Filed under: Featured Artist, Theatre

Artists and Climate Change is a blog by playwright Chantal Bilodeau that tracks artistic responses from all disciplines to the problem of climate change. It is both a study about what is being done, and a resource for anyone interested in the subject. Art has the power to reframe the conversation about our environmental crisis so it is inclusive, constructive, and conducive to action. Art can, and should, shape our values and behavior so we are better equipped to face the formidable challenge in front of us.

Go to Chantal Bilodeau’s Artists and Climate Change Blog

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stagereads features Caridad Svich

photo: stagereads, Fishing in the Gulf of Mexico

This post comes to you from Ashden Directory

Kellie Gutman writes:

A new website, stagereads, is publishing plays by emerging playwrights, which are e-readable on mobile devices. They are available by subscription, with a 155 discount for those subscribing before 15 September.  The first featured playwright is Caridad Svich and her recent play The Way of Water.

Svich received the 2012 OBIE Award for Lifetime Achievement in the Theatre.  The Way of Water has been traveling since 3 April, 2012, and has had readings in fifty cities in the United States as well as in the UK and beyond.  The play, written after the Deepwater Horizon BP oil spill, tells the story of two fishermen in the Gulf of Mexico, who have to deal with the after effects of the spill. The introduction to the play is written by Henry Godinez, Resident Artistic Associate at the Goodman Theatre in Chicago.

He writes in his final paragraph:

Many a great play has been written about corporate negligence and devastating catastrophes, but what makes The Way of Water so compelling is the way it exposes the after effects of such sensational evens in the most real of human terms.

 

“ashdenizen blog and twitter are consistently among the best sources for information and reflection on developments in the field of arts and climate change in the UK” (2020 Network)

ashdenizen is edited by Robert Butler, and is the blog associated with the Ashden Directory, a website focusing on environment and performance.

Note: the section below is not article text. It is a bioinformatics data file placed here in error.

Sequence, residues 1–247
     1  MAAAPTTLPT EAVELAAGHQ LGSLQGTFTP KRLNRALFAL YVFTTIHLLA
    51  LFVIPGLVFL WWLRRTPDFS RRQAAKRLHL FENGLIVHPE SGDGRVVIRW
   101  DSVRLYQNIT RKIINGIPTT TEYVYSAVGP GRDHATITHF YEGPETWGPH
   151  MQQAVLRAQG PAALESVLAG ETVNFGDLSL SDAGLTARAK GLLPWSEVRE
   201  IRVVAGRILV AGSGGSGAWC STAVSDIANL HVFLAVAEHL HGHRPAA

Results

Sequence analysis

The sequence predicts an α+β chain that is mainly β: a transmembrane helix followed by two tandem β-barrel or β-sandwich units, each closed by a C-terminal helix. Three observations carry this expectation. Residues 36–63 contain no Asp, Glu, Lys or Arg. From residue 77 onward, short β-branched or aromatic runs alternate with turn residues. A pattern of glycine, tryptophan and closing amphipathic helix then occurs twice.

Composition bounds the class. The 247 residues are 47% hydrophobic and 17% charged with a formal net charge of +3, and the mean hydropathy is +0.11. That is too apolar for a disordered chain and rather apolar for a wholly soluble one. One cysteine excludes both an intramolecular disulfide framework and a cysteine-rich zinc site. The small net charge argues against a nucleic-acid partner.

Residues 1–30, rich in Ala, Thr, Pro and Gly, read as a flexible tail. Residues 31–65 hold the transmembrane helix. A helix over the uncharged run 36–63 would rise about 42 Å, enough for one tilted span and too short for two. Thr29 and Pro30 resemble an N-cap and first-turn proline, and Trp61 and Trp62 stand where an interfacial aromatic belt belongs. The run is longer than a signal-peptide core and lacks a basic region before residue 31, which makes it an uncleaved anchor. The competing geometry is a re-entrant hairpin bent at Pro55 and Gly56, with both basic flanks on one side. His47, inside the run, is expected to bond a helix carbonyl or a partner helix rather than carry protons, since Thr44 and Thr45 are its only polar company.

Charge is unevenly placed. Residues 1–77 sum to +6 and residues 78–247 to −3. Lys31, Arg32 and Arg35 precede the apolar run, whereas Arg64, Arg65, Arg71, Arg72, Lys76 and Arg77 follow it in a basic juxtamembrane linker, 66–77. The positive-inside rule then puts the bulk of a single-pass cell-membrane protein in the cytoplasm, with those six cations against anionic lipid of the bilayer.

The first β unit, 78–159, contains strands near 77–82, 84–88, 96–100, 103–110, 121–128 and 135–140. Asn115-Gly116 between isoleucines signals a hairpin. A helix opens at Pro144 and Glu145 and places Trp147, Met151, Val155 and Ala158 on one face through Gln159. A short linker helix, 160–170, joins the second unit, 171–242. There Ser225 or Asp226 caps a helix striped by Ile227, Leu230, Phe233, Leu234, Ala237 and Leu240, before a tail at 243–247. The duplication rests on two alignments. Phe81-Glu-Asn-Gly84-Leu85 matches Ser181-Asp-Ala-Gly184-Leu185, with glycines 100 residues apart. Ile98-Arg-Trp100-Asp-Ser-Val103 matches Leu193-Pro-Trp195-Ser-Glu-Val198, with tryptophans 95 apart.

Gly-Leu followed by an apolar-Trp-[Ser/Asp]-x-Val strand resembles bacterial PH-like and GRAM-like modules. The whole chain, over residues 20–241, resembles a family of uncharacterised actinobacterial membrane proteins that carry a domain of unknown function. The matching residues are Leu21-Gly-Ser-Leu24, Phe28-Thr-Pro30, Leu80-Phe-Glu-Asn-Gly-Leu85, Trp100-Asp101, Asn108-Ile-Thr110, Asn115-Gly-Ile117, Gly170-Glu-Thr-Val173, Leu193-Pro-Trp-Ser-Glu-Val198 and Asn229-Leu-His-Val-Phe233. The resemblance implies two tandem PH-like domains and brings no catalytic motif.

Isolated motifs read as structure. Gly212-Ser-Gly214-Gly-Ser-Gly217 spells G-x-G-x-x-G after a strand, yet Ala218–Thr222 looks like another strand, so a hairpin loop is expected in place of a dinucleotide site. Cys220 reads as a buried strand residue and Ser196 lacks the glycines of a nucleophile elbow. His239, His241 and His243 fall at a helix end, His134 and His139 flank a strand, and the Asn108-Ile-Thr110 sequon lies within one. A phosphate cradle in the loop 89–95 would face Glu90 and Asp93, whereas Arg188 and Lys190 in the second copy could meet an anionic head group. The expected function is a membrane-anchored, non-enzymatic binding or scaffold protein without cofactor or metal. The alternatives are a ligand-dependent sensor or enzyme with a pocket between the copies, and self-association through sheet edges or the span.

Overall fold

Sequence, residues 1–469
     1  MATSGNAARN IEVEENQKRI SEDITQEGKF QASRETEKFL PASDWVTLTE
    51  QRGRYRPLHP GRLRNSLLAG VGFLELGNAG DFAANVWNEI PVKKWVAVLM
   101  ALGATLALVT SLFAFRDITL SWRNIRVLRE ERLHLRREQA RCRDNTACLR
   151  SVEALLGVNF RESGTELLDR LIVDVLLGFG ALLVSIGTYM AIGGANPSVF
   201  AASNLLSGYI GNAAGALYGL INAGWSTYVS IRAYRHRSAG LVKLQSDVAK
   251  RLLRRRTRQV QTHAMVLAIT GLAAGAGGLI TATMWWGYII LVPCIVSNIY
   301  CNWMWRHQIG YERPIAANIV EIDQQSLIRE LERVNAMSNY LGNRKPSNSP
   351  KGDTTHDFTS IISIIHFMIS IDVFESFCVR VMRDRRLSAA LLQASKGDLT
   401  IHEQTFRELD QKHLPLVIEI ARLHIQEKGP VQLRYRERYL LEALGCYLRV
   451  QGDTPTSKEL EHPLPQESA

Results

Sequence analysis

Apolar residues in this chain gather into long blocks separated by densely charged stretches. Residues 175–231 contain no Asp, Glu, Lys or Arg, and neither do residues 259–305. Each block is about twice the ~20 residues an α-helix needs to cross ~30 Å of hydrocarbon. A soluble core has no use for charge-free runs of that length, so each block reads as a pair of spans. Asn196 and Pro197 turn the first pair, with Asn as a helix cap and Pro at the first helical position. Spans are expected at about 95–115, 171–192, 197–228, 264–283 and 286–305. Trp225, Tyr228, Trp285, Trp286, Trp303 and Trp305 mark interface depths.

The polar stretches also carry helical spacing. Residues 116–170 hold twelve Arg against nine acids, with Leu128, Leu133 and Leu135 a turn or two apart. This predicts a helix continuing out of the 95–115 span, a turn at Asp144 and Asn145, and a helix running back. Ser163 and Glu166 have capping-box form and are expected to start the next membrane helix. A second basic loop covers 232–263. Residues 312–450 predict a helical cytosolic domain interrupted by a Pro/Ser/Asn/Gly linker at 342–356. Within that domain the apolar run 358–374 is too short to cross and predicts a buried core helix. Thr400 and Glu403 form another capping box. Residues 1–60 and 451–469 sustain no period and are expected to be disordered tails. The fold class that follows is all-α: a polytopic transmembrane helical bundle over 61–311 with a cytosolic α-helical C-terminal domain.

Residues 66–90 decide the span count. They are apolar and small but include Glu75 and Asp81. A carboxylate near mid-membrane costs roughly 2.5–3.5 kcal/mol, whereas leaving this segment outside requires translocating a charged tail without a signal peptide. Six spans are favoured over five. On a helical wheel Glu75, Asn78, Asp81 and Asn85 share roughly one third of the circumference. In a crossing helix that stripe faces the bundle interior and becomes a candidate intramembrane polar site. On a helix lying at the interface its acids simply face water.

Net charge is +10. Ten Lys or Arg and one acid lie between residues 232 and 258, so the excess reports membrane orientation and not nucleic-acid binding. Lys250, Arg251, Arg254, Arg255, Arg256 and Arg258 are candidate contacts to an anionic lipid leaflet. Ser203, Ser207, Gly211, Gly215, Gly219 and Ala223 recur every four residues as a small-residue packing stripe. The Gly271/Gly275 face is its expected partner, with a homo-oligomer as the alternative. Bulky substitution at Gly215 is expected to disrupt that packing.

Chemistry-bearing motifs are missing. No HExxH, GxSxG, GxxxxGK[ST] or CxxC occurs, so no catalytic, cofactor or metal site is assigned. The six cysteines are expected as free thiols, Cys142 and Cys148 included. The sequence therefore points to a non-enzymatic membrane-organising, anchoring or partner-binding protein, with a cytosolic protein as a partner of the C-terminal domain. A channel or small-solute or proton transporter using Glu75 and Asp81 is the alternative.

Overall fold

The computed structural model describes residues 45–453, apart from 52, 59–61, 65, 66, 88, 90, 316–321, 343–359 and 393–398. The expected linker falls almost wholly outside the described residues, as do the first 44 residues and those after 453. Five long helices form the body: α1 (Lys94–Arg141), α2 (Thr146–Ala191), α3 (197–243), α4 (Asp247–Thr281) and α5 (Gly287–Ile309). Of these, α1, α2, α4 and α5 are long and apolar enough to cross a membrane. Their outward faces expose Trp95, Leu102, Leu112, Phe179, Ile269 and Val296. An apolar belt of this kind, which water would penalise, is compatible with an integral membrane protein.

The Ashden Directory is edited by Robert Butler and Wallace Heim, with associate editor Kellie Gutman. The Directory includes features, interviews, news, a timeline and a database of ecologically – themed productions since 1893 in the United Kingdom. Our own projects include ‘New Metaphors for Sustainability’, ‘Flowers Onstage’ and ‘Six ways to look at climate change and theatre’.

The Directory has been live since 2000.

Go to The Ashden Directory

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the arctic is melting and everyone wants a piece of it « Mo`olelo Blog

Two years ago, thanks to a grant from The James Irvine Foundation, Mo`olelo commissioned playwright Chantal Bilodeau to write a play that explores the intersection of race, class and climate change. Originally from Montreal, Ms. Bilodeau was already researching the impact of climate change on the Inuit communities of the Canadian Arctic. This commission supported that work. As she traveled to the arctic and did further research, she encountered the complexities and contradictions of climate change: ice versus maritime commerce, human rights and activism colliding with family obligations, sovereignty colliding with sustainability. The result was a new play, Sila. The title, Sila, is an Inuit word for the breath of life, the primary component of everything that exists.

Mo`olelo workshopped the first draft of this script last year; Ms. Bilodeau and Mo`olelo’s Artistic Director Seema Sueko journeyed to Montreal in January of this year to workshop the script at Playwrights Workshop Montreal with Inuit and Quebecois actors; and we will now host the third and final workshop reading of this script on May 24. We invite you to join us. For those who saw the reading in 2010, the script has gone through significant adjustments, with some characters “being fired,” and a tightening of the story.

Details

What: a reading of Sila by Chantal Bilodeau

When:   Tuesday, May 24, 2011 with 5:15 PM Potluck reception & mingle with the artistic team and 6:00 PM Reading

Where: The 10th Avenue Theatre, 930 10th Avenue, San Diego, CA 92101

Reservations: Space is limited. Email: tickets@moolelo.net or call 619-342-7395